Christine DaigleThe Office of Research Services has announced the recipients of two internal awards that recognize outstanding research at Brock.Christine Daigle, associate professor in Philosophy and director of the Women’s Studies program, has been named the 2010 Chancellor’s Chair for Research Excellence.Dorothy Griffiths, associate dean, Faculty of Social Sciences, and professor, Child and Youth Studies, has been named the recipient of the 2010 Brock University Award for Distinguished Research and Creative Activity.The Chancellor’s Chair for Research Excellence recognizes active scholars who demonstrate excellence and will continue to contribute significantly to the advancement of their field of scholarship and creative activity. With the award, recipients undertake a specific three-year program of research, and must present one public lecture on this research.Daigle’s research will contribute to the field of study on French feminist Simone de Beauvoir by clarifying the philosophical foundations of existentialist ethics and politics. Her project, entitled “Beauvoir’s phenomenology as a ground for an ethics and politics of difference,” will investigate how it is possible to articulate and conceive sexual difference from the point of view of lived experience and from the point of view of its ethical and political meanings.Dorothy GriffithsDaigle, who also studies German philosopher Friedrich Nietzsche, came to Brock in 2003.The Distinguished Research and Creative Activity award recognizes individuals who show outstanding research achievements, contributions toward the training of future researchers, and consistency in scholarly or creative performance. The one-year award is not attached to a specific research activity or proposal, but the recipient is required to give one lecture to the Brock community.According to the supporting letter from fellow Brock colleagues, Griffiths “has devoted her life to developing and researching evidence-based therapeutic interventions and support systems for persons with intellectual disabilities who experience serious mental health challenges in Ontario, across Canada and internationally.”Her accomplishments in teaching, research, awards and publications have been developed during a career that includes 17 years at Brock.Daigle will receive formal recognition for the Chancellor’s Chair at the time of her lecture, while Griffiths will receive recognition at Fall Convocation.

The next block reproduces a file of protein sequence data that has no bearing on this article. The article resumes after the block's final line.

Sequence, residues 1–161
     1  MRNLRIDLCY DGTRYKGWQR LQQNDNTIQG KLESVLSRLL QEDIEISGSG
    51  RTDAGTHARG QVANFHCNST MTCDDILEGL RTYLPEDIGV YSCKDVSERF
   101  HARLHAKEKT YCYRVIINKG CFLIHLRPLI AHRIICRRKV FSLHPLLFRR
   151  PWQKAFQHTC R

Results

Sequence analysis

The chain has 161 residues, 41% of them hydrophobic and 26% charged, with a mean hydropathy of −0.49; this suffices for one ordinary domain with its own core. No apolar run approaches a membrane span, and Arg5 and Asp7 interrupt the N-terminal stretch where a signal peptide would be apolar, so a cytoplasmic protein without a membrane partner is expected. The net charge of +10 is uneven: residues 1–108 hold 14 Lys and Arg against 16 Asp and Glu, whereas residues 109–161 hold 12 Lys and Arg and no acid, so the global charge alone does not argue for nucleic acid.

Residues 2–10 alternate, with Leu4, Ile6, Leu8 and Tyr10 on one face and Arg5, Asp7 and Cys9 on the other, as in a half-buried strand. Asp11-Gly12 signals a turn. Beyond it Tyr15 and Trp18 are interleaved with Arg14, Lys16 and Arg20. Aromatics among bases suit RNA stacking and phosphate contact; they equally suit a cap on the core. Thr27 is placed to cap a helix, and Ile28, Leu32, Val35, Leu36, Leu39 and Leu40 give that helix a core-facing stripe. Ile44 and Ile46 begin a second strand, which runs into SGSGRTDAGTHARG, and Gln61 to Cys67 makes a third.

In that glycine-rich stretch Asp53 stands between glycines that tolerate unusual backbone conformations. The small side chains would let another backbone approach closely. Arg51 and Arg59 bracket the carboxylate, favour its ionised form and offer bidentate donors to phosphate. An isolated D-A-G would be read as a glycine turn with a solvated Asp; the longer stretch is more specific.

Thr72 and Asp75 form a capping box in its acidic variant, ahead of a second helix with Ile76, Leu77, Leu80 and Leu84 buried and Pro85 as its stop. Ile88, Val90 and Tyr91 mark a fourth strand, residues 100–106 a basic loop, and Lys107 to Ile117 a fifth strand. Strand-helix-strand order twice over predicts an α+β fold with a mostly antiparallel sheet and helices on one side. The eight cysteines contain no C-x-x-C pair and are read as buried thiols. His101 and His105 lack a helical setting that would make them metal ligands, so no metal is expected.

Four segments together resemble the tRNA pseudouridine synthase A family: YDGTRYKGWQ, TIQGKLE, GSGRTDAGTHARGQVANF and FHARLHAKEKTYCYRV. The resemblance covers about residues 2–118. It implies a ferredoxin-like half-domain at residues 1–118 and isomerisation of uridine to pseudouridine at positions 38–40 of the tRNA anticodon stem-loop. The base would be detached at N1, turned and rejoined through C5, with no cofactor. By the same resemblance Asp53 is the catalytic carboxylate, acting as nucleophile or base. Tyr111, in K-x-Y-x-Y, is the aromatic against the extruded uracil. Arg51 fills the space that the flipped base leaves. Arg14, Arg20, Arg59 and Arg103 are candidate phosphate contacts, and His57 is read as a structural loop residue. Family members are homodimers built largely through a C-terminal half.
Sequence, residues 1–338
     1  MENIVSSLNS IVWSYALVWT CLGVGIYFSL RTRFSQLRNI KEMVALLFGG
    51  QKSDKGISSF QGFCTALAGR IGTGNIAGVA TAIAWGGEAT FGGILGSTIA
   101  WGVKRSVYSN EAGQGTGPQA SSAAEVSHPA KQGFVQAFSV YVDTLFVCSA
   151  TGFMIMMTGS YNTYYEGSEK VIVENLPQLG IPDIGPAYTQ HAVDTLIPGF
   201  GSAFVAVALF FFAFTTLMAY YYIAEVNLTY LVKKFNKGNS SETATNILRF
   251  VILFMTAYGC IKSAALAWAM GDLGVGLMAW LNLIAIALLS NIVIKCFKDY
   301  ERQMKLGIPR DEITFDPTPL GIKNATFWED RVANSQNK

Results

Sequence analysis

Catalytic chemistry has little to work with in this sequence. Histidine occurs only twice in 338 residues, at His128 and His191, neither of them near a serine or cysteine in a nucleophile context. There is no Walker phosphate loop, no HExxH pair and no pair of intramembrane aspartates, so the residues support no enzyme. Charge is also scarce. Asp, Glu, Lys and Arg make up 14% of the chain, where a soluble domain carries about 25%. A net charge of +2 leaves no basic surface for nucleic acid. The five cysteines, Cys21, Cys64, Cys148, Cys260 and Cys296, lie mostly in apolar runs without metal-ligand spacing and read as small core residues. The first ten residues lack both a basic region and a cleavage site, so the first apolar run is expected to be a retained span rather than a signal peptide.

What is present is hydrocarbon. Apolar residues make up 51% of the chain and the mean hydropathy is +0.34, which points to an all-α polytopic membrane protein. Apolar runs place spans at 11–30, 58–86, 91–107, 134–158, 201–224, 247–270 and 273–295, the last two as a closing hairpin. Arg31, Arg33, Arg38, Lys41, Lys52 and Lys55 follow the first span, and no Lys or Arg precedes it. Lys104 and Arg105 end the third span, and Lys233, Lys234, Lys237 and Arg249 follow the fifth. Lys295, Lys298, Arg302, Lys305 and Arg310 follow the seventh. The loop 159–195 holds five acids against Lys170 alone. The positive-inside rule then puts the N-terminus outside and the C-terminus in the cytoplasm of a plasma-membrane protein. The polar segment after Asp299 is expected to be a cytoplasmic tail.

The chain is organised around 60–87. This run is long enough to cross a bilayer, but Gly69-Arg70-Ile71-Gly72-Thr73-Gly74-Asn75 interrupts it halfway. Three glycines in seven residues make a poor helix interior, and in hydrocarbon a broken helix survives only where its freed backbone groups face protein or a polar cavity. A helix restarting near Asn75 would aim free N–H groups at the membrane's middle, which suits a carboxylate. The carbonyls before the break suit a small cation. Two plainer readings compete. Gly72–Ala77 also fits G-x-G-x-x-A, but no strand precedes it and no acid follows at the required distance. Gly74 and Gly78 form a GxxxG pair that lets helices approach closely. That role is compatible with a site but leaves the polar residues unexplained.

“The lack of disaggregated data has led to a serious information gap that limits the effective identification of population groups that are suffering discrimination,” the UN Special Rapporteur on contemporary forms of racism, Mutuma Ruteere, said after presenting his latest report to the UN General Assembly.“It also hinders adequate policymaking at the national, regional and international levels and promotes impunity,” Mr. Ruteere said.He noted that, although there is no clearly stated international obligation to collect ethnic data, the human rights legal framework provides a strong mandate to gather this kind of data.“The right to be free from discrimination includes the right to access information that could serve as evidence to prove discrimination,” he said.The human rights expert acknowledged the fears and anxieties expressed by some states and vulnerable groups regarding the collection of sensitive data, but he said that these concerns can be overcome if strict human rights rules are observed, including the right to privacy, the protection of data, the establishment of participatory processes based on informed consent as well as the self-identification of respondents. “The collection of data disaggregated by ethnicity on economic, social, cultural, civil and political indicators is a pre-requisite if we are to identify patterns of discrimination and existing gaps,” Mr. Ruteere said. “Through better data collection, discriminated groups will become more visible and get better protection.”Equality is at the heart of the newly adopted sustainable development agenda which, under Goal 17, calls for the collection of disaggregated data to measure progress while leaving “no one behind,” to promote and foster non-discrimination while upholding the universality of human rights, he said.“At a time where the international community is discussing how to measure progress on the new agenda, the adoption of indicators capturing levels of discrimination will demonstrate States’ commitment,” Mr. Ruteere said.Mr. Ruteere was appointed by the Human Rights Council as Special Rapporteur on contemporary forms of racism, racial discrimination, xenophobia and related intolerance in November 2011. As Special Rapporteur, he is independent from any government or organisation and serves in his individual capacity. He is not UN staff and does not receive a salary for their work.